If 2) is true, her story in this movie is about the erasure of a young woman, full of yearning, loneliness, spirit, and life. When she was a child, she fell into a well and no one even noticed. She did not tell her family after being rescued and her family did not care enough to ask where she had been. It is one of many signs of her family's indifference toward her, consistent with the exchange in the eatery ("tell her not to come home until she's paid off her credit card debts") and Ben's casual slip that she had no contact with her family (note that both corroborate each other). In the context of the movie, she has figuratively "fallen into a well" and disappeared again, and, again, the only person who cares is Jong-su. The rest of the world just moves on as if nothing has happened. She tries to express her yearning for the meaning of life and her sense of beauty (the trash-filled parking lot in Africa where she was moved to tears by the sunset), and others look at her with awkward chuckles and yawns.
Which one do you think is Lee Chang-Dong's intention? I have seen one other film by Lee ("Secret Sunshine"). Between these two films, I sense zero cynicism from him. Instead, I feel a barrage of humanism, as in, he loves human beings in their natural state of existence. What is the probability of such a humanist devising Scenario 1? I'd say it hovers right about zero.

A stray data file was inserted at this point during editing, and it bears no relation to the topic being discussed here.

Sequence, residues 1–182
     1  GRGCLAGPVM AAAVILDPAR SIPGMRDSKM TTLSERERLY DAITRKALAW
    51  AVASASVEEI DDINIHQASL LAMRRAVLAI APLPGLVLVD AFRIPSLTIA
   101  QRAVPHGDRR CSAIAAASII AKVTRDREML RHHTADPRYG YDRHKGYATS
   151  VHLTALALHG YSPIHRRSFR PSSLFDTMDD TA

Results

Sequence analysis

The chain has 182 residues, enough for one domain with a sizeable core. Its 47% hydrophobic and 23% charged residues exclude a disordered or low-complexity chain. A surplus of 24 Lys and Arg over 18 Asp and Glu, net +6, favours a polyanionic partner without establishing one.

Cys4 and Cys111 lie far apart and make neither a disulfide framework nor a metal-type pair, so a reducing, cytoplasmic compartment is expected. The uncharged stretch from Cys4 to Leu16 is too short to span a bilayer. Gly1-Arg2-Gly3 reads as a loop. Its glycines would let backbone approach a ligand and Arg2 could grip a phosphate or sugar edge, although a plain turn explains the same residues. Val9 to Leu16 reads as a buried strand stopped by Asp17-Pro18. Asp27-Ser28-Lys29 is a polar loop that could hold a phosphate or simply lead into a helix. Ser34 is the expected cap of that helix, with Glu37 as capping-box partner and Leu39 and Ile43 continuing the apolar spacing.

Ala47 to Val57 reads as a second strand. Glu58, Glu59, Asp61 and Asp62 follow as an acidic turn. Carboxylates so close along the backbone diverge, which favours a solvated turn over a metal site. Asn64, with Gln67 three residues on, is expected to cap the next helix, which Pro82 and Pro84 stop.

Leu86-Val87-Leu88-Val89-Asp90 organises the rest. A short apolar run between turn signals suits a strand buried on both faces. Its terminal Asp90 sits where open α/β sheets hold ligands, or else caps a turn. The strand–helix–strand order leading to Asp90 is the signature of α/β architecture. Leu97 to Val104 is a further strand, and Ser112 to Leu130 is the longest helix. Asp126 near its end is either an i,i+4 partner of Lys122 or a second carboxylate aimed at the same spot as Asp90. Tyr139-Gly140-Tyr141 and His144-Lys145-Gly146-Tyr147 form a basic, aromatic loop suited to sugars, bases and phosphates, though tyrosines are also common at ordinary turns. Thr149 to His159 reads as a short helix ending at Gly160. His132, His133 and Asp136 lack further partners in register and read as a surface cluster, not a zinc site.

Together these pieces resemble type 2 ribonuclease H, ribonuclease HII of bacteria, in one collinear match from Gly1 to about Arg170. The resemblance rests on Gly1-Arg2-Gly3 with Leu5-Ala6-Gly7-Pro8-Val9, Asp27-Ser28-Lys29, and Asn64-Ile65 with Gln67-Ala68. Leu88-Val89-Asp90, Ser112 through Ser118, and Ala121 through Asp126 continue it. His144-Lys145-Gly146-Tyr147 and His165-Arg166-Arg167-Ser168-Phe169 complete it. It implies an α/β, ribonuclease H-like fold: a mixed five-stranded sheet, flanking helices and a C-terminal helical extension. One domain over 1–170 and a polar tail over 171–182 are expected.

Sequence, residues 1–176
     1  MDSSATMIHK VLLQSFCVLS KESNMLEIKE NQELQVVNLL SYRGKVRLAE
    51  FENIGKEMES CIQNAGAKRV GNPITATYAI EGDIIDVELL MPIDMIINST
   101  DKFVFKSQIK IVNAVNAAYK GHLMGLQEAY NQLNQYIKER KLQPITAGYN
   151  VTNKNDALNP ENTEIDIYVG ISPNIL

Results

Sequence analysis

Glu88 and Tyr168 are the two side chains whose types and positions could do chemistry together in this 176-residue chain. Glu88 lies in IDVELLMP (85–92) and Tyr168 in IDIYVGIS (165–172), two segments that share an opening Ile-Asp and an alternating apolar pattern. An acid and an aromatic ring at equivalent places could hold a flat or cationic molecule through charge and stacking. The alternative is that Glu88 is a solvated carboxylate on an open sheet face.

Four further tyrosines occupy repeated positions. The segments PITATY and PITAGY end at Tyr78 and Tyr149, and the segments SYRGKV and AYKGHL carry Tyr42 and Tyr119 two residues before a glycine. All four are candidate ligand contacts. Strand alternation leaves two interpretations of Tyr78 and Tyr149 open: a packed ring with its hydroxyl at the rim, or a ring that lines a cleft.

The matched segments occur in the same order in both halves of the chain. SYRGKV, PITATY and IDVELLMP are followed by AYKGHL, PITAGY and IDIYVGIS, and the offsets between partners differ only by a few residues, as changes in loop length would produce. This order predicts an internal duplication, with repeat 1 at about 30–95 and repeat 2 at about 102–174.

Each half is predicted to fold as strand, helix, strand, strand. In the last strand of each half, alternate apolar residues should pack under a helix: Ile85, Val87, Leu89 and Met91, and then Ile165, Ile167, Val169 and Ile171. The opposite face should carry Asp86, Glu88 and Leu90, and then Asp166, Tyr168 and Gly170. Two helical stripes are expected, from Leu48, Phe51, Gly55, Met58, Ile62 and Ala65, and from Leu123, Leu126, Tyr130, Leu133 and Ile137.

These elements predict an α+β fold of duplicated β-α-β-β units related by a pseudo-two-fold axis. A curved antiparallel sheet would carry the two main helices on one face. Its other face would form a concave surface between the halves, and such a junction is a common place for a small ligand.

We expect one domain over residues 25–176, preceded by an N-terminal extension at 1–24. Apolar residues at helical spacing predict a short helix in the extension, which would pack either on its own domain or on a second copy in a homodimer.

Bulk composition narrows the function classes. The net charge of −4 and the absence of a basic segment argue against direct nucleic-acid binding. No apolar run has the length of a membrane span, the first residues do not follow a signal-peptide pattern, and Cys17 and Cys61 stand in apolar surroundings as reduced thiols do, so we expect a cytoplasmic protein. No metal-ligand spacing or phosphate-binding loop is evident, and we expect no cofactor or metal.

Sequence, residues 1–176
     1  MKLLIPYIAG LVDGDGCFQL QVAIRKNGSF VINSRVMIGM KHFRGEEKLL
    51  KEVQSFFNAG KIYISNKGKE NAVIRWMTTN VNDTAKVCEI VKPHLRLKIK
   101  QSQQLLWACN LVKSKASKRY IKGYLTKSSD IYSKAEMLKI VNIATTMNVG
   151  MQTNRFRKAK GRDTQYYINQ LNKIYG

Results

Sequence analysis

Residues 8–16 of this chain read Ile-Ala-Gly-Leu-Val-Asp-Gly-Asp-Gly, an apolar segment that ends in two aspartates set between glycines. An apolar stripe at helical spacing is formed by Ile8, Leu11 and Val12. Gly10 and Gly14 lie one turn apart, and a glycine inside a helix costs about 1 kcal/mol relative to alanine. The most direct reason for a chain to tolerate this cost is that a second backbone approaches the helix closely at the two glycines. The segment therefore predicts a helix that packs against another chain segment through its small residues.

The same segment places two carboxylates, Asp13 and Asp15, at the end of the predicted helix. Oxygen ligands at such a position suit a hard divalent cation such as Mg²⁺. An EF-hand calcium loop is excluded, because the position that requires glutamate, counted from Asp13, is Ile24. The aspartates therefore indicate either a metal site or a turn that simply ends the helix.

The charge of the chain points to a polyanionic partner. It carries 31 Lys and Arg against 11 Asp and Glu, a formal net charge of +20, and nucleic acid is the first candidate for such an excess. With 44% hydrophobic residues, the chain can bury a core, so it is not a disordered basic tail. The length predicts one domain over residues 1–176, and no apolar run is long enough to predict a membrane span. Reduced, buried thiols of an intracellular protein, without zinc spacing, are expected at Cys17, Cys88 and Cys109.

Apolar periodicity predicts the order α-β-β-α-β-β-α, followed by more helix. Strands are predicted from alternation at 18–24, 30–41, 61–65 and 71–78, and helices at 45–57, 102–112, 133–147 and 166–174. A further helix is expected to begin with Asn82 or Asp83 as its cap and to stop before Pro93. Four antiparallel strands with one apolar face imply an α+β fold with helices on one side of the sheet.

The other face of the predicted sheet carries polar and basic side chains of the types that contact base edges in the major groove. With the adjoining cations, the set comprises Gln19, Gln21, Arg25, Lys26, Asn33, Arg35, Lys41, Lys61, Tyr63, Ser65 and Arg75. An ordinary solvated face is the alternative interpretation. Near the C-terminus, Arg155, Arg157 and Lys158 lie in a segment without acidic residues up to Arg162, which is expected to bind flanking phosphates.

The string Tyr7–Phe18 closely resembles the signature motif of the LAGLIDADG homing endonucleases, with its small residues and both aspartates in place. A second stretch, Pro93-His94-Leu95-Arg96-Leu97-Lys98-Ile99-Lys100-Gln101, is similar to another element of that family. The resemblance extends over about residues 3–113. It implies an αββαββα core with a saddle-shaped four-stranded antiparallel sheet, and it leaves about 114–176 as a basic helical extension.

Some people watch Hae-mi's pantomime and infer that she invents things and events that do not exist and perhaps cannot tell the difference. I think the pantomime has an entirely different meaning. It's about poverty, deprivation, and the absence of the things you need. Obviously, this is a feeling that Hae-mi and Jung-su share but Ben knows nothing about --- except that Ben too has the same feeling. We cannot pretend that what's lacking in HM's and JS's lives is not money. Their despair and shame and isolation, and their reluctance to engage in a full-blown romantic relationship, all have to do with their poverty in a city of casual wealth. And yet there is so much more missing, not the least family, not the least a meaning. JS's yearning for mother, and HM's yearning for anyone. Their most basic needs are not met, and the only way to keep life going is to "forget that it's not there."
Ben has his own missing piece in life, and we can surmise that he too has a yearning for it. This absence is intolerable to him, and he refuses to tolerate it, unlike how HM and JS tolerate their unmet needs. Hence he burns greenhouses. In both the source materials (Faulkner and Murakami), it is barns that are burned, and barns symbolize food and wealth. Here, however, it is greenhouses, which symbolize life. Not quite the same thing.
As a co-owner of two cats, I just want to make a note about the "Schrodinger's cat" here. Is the cat a part of Hae-mi's imagination? Compare the two parallel scenes depicting its absence: When JS goes to feed it when HM is in Africa, he sees that the food and water bowls are empty, and the litterbox contains cat poop. When he goes back to the apartment after HM's disappearance, there were no bowls and no litterbox at all.
If there is poop, trust me, the cat is real.